Hilda Anderson Erickson
Hilda Anderson Erickson, born in Ledsjö, Sweden October 11, 1859 was the last surviving immigrant pioneer. In 1866 at the age of 6 she crossed the plains with her family in the Abner Lowry Company. She married John A. Erickson in the Endowment House in 1882. Soon after the couple was called to serve an LDS mission among the Goshute Indians in Ibapah, Utah. Later the couple homesteaded the “Last Chance Ranch” with their son Perry and daughter, Amy.
A talented seamstress, tailor, and licensed obstetric, Hilda was known as the “Doctor” to many expectant mothers. After the ranch was sold Hilda opened a store in Grantsville which she operated for 21 years. She drove her own car until she was 94 and at 99 flew to Nauvoo, Ill. to be honored by the Centennial Commission of Utah. Her return flight was the first passenger jet airplane to land at the Salt Lake Airport. She passed away in Jan. 1968 at the age of 108.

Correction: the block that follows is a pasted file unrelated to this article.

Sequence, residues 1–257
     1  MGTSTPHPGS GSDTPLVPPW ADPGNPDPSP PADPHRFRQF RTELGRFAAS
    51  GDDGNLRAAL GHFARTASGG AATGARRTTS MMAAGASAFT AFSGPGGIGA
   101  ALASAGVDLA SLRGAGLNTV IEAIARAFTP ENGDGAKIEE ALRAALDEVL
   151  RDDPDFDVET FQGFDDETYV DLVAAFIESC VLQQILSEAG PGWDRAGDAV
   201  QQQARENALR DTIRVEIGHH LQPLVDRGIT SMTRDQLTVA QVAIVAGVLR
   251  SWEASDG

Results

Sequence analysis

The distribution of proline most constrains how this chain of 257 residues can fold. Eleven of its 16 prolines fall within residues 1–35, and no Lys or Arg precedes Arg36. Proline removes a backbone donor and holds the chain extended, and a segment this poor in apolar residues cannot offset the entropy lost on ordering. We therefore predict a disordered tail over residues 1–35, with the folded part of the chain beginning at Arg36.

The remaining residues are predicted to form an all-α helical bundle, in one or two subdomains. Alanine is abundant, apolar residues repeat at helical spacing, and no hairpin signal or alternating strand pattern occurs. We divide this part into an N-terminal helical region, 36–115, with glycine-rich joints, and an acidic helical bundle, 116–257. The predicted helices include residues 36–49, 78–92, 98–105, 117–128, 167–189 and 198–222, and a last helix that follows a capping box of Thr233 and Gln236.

Kate B. Carter in Our Pioneer Heritage said of Hilda, “Probably no woman in our state has lived a more energetic life.”
This monument to a grand lady was erected by the Sons of Utah Pioneers to honor all Utah pioneers.
Sculptor Peter M. Fillerup
Note: President James E. Faust dedicated this statue that stands in front of the Grantsville City Hall, on June 7, 1997. Hilda Anderson Erickson was the last survivor of 80,000 pioneers who crossed the plains prior to 1869 by handcart or wagon.
This is Sons of Utah Pioneers marker #69, located at 429 East Main Street in Grantsville, Utah